Mr. Seward to Mr. de La Reintrie.

No. 27.]

Sir: Your dispatch No. 39, of the 16th instant, on the subject of the bonds required for negroes carried to Cuba on board of vessels of the United States, has been received.

As the requirement is pursuant to law, its discontinuance cannot be asked for as a matter of right. It appears, however, that it has not uniformly been enacted, some of the executive officers in Cuba having, it is supposed, deemed themselves warranted by circumstances from dispensing with it. The repeal of the law, or a general discontinuance of the exaction, is very desirable for us, now much more than formerly, since the abolition of negro slavery in this country has much increased the proportion of blacks who seek employment on board of vessels.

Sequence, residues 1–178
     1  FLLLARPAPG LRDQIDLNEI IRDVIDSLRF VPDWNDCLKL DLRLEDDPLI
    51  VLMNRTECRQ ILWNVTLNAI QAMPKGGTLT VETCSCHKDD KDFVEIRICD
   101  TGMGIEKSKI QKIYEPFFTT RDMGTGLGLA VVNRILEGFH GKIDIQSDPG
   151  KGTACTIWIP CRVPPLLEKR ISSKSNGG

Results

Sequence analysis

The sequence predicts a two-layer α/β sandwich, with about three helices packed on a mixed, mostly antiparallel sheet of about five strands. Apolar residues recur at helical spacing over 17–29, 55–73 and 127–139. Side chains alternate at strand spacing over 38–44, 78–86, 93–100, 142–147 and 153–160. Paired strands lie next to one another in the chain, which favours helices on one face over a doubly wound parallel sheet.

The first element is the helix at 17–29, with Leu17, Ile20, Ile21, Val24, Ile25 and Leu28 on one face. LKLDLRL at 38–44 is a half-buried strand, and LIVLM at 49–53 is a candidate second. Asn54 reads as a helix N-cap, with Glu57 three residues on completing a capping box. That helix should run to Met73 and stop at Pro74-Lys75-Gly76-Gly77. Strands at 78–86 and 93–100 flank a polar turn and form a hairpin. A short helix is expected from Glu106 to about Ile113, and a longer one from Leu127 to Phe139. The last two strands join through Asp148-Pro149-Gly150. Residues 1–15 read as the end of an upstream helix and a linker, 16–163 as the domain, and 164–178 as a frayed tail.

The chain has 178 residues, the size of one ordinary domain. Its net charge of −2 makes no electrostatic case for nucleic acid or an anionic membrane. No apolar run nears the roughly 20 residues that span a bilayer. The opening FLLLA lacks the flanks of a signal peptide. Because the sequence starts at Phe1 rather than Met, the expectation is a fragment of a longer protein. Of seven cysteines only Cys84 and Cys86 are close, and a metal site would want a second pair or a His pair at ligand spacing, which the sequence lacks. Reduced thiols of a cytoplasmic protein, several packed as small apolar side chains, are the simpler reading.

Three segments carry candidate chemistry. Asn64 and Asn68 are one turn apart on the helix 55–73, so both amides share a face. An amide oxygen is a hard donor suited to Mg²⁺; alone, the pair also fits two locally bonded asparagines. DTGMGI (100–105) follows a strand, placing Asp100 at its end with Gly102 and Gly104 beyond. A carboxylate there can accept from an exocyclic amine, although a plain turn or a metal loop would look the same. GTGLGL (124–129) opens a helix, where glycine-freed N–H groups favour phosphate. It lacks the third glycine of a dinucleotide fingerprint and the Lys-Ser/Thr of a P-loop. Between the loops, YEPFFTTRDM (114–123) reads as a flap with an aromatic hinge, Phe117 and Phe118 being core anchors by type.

You will therefore ask an interview with the captain general, and informally express a hope that a repeal or discontinuance of the requirement may be found to comport with the political and social interests of the island. Such a measure would certainly tend to strengthen the good understanding between the United States and Spain.

I am, sir, your obedient servant,


Henry R, de La Reintrie, Esq., United States Vice-Consul General, Havana.